Skin Autofluorescence a Non-Invasive Biomarker of Ages and Its Association to Metabolic Parameters in a Greek Diabetic Population.
The accumulation of advanced glycation end-products on tissue proteins has been implicated
in the ageing of proteins and the progression of chronic age-related diseases such
as atherosclerosis, chronic renal failure, Alzheimer’s disease and diabetes mellitus.
AGEs and oxidative stress are two main contributors to the development of diabetic complications.
AGEs represent a heterogeneous substance class, produced through non enzymatic glycation of proteins,
lipids or nucleic acids within the so-called Maillard reaction.
The formation and accumulation of AGEs on long-lived proteins affects the structure and function
of proteins, enhances cytokine production and activates transcription factors via binding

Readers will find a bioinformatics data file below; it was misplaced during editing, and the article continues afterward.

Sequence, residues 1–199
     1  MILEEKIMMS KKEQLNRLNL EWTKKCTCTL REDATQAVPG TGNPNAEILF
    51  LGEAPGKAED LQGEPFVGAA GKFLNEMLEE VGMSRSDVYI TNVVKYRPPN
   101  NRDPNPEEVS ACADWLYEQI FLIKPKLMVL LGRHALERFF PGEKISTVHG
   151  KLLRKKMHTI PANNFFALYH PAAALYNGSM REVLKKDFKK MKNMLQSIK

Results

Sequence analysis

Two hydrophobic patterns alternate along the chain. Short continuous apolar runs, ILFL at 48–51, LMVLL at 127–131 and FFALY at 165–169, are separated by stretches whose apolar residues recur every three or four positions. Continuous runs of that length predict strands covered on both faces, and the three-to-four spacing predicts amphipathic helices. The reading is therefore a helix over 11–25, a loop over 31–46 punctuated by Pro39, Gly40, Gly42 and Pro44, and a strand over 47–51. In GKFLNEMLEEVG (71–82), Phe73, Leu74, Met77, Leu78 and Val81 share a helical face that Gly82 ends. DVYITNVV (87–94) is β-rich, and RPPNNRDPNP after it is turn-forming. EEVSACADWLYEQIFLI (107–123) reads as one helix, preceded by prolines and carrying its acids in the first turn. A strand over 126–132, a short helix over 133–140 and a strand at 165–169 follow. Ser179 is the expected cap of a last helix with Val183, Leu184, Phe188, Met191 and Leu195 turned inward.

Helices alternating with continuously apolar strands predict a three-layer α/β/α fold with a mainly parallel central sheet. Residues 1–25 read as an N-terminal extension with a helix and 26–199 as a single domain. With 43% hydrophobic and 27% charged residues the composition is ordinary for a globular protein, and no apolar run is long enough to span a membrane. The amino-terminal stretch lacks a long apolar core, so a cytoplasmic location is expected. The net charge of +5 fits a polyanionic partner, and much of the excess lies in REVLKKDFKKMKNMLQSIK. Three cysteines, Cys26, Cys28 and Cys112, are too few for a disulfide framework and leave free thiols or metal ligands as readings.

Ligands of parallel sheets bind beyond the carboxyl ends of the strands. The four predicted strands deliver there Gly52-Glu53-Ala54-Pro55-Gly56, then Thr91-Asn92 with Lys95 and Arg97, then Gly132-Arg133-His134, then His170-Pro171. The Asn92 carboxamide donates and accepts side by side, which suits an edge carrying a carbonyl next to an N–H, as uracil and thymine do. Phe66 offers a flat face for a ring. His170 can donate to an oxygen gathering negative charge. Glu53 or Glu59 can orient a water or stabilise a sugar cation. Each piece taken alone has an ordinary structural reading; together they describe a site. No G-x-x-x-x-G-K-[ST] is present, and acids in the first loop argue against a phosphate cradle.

to specific receptors.
In diabetes mellitus, AGEs accumulation in skin collagen is correlated both with
the duration and severity of hyperglycaemia, and with the presence of long-term complications.
In a diabetes control and complications trial sub-study, skin AGEs levels could account
for 19-36% of the variance in incidence of long-term diabetic complications in intensively
treated and for 14-51% in conventionally treated patients.
The above indicate that tissue AGEs accumulation may reflect the cumulative effect of hyperglycemia
and oxidative stress over many years.3-5 Simple quantitation of AGEs accumulation in tissue could
provide a tool for assessing tissue injury and the risk of long-term complications.
Diabetes Res Open J. 2021; 7(1): 6-11. doi: 10.17140/DROJ-7-151